-----------------------------
 
-The ``operator`` module contains a set of functions corresponding to Python's
-operators.  Some examples are ``operator.add(a, b)`` (adds two values),
-``operator.ne(a, b)`` (same as ``a!=b``), and ``operator.attrgetter('id')``
-(returns a callable that fetches the ``"id"`` attribute).
+The :mod:`operator` module contains a set of functions corresponding to Python's
+operators.  Some examples are :func:`operator.add(a, b) <operator.add>` (adds
+two values), :func:`operator.ne(a, b)  <operator.ne>` (same as ``a != b``), and
+:func:`operator.attrgetter('id') <operator.attrgetter>`
+(returns a callable that fetches the ``.id`` attribute).
 
-``itertools.starmap(func, iter)`` assumes that the iterable will return a stream
-of tuples, and calls ``f()`` using these tuples as the arguments::
+:func:`itertools.starmap(func, iter) <itertools.starmap>` assumes that the
+iterable will return a stream of tuples, and calls *func* using these tuples as
+the arguments::
 
     itertools.starmap(os.path.join,
-                      [('/usr', 'bin', 'java'), ('/bin', 'python'),
-                       ('/usr', 'bin', 'perl'),('/usr', 'bin', 'ruby')])
+                      [('/bin', 'python'), ('/usr', 'bin', 'java'),
+                       ('/usr', 'bin', 'perl'), ('/usr', 'bin', 'ruby')])
     =>
-      /usr/bin/java, /bin/python, /usr/bin/perl, /usr/bin/ruby
+      /bin/python, /usr/bin/java, /usr/bin/perl, /usr/bin/ruby
 
 
 Selecting elements
 Another group of functions chooses a subset of an iterator's elements based on a
 predicate.
 
-``itertools.filterfalse(predicate, iter)`` is the opposite, returning all
-elements for which the predicate returns false::
+:func:`itertools.filterfalse(predicate, iter) <itertools.filterfalse>` is the
+opposite, returning all elements for which the predicate returns false::
 
     itertools.filterfalse(is_even, itertools.count()) =>
       1, 3, 5, 7, 9, 11, 13, 15, ...
 
-``itertools.takewhile(predicate, iter)`` returns elements for as long as the
-predicate returns true.  Once the predicate returns false, the iterator will
-signal the end of its results.
-
-::
+:func:`itertools.takewhile(predicate, iter) <itertools.takewhile>` returns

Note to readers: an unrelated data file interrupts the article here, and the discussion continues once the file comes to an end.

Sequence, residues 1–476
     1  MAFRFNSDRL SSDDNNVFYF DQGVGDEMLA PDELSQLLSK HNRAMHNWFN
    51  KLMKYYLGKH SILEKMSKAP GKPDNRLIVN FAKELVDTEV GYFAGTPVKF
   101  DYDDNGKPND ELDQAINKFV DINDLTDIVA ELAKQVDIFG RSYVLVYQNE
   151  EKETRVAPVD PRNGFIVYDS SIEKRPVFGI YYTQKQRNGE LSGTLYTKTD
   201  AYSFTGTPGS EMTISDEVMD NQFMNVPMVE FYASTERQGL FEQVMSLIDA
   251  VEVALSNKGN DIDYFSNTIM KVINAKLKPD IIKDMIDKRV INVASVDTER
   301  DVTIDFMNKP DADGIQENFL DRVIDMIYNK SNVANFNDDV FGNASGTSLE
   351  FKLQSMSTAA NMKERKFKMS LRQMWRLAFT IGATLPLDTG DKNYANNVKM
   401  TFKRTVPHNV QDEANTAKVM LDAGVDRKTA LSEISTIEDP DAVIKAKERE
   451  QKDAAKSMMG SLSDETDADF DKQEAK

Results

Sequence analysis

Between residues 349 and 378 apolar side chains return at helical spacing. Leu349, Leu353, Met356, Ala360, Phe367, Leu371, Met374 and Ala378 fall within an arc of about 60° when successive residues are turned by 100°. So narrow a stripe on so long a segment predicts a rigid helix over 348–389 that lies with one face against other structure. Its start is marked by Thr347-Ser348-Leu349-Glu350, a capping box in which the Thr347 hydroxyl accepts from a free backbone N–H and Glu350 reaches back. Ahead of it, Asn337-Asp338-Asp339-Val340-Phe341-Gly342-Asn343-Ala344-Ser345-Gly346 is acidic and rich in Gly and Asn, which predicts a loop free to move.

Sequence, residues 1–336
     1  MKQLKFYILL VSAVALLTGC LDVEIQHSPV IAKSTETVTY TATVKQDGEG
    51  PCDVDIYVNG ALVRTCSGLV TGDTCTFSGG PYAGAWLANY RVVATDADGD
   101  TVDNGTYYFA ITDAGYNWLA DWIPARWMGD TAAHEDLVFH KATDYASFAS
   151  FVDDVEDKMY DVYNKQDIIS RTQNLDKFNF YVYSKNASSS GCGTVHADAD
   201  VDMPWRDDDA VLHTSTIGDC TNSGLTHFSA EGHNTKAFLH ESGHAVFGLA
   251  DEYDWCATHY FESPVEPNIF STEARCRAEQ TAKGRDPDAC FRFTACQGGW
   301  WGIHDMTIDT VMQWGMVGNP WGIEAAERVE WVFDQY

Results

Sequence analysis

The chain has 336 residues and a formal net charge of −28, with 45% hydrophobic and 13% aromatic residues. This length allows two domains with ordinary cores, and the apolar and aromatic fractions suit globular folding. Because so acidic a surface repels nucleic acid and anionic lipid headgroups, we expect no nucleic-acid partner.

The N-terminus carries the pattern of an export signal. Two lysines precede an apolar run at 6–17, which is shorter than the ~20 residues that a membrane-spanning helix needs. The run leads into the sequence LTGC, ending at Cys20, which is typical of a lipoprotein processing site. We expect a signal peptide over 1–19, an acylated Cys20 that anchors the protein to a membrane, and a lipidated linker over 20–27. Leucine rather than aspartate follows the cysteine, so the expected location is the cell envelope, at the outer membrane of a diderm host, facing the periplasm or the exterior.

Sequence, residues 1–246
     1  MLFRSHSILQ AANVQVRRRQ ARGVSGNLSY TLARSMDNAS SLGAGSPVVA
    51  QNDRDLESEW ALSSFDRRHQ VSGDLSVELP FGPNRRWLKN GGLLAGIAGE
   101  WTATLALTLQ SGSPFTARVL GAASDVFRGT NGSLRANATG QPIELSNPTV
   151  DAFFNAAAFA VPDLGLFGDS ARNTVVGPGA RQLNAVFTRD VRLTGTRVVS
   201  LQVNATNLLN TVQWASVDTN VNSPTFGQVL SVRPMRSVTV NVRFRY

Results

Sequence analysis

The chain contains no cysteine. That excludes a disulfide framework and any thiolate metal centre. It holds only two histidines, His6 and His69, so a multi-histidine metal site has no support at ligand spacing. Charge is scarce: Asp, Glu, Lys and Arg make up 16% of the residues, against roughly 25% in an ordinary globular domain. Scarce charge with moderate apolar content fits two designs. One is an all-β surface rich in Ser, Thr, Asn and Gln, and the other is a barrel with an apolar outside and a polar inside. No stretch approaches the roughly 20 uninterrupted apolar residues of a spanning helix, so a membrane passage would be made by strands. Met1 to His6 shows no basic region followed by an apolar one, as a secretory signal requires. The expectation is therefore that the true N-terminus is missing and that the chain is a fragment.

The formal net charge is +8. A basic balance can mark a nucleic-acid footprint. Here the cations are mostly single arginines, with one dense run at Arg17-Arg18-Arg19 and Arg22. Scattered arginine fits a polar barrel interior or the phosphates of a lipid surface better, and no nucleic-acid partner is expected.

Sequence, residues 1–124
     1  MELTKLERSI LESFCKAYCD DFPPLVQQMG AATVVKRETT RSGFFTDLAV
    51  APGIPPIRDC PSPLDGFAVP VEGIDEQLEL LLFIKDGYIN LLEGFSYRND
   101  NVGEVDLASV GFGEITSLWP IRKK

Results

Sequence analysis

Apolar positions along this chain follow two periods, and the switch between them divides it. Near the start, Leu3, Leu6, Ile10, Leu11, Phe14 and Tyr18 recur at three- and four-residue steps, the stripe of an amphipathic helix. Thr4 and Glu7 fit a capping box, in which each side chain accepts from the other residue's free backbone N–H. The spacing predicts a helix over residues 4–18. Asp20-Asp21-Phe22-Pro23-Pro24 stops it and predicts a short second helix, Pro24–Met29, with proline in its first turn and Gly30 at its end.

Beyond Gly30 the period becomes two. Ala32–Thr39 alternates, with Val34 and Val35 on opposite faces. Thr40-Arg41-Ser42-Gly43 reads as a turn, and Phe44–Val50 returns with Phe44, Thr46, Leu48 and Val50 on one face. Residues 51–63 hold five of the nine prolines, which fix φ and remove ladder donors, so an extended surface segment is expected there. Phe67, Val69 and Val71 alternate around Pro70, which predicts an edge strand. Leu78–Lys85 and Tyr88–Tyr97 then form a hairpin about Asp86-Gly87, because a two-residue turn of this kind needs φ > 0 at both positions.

+elements for as long as the predicate returns true.  Once the predicate returns
+false, the iterator will signal the end of its results. ::
 
     def less_than_10(x):
-        return (x < 10)
+        return x < 10
 
     itertools.takewhile(less_than_10, itertools.count()) =>
       0, 1, 2, 3, 4, 5, 6, 7, 8, 9
     itertools.takewhile(is_even, itertools.count()) =>
       0
 
-``itertools.dropwhile(predicate, iter)`` discards elements while the predicate
-returns true, and then returns the rest of the iterable's results.
-
-::
+:func:`itertools.dropwhile(predicate, iter) <itertools.dropwhile>` discards
+elements while the predicate returns true, and then returns the rest of the
+iterable's results. ::
 
     itertools.dropwhile(less_than_10, itertools.count()) =>
       10, 11, 12, 13, 14, 15, 16, 17, 18, 19, ...
 Grouping elements
 -----------------
 
-The last function I'll discuss, ``itertools.groupby(iter, key_func=None)``, is
-the most complicated.  ``key_func(elem)`` is a function that can compute a key
-value for each element returned by the iterable.  If you don't supply a key
-function, the key is simply each element itself.
+The last function I'll discuss, :func:`itertools.groupby(iter, key_func=None)
+<itertools.groupby>`, is the most complicated.  ``key_func(elem)`` is a function
+that can compute a key value for each element returned by the iterable.  If you
+don't supply a key function, the key is simply each element itself.
 
-``groupby()`` collects all the consecutive elements from the underlying iterable
-that have the same key value, and returns a stream of 2-tuples containing a key
-value and an iterator for the elements with that key.
+:func:`~itertools.groupby` collects all the consecutive elements from the
+underlying iterable that have the same key value, and returns a stream of
+2-tuples containing a key value and an iterator for the elements with that key.
 
 ::
 
                  ...
                 ]
 
-    def get_state (city_state):
+    def get_state(city_state):
         return city_state[1]
 
     itertools.groupby(city_list, get_state) =>
     iterator-3 =>
       ('Flagstaff', 'AZ'), ('Phoenix', 'AZ'), ('Tucson', 'AZ')
 
-``groupby()`` assumes that the underlying iterable's contents will already be
-sorted based on the key.  Note that the returned iterators also use the
-underlying iterable, so you have to consume the results of iterator-1 before
+:func:`~itertools.groupby` assumes that the underlying iterable's contents will
+already be sorted based on the key.  Note that the returned iterators also use
+the underlying iterable, so you have to consume the results of iterator-1 before
 requesting iterator-2 and its corresponding key.
 
 
 ``g(b, c)`` that's equivalent to ``f(1, b, c)``; you're filling in a value for
 one of ``f()``'s parameters.  This is called "partial function application".
 
-The constructor for ``partial`` takes the arguments ``(function, arg1, arg2,
-... kwarg1=value1, kwarg2=value2)``.  The resulting object is callable, so you
-can just call it to invoke ``function`` with the filled-in arguments.
+The constructor for :func:`~functools.partial` takes the arguments
+``(function, arg1, arg2, ..., kwarg1=value1, kwarg2=value2)``.  The resulting
+object is callable, so you can just call it to invoke ``function`` with the
+filled-in arguments.
 
 Here's a small but realistic example::
 
     import functools
 
-    def log (message, subsystem):
-        "Write the contents of 'message' to the specified subsystem."
+    def log(message, subsystem):
+        """Write the contents of 'message' to the specified subsystem."""
         print('%s: %s' % (subsystem, message))
         ...
 
     server_log = functools.partial(log, subsystem='server')
     server_log('Unable to open socket')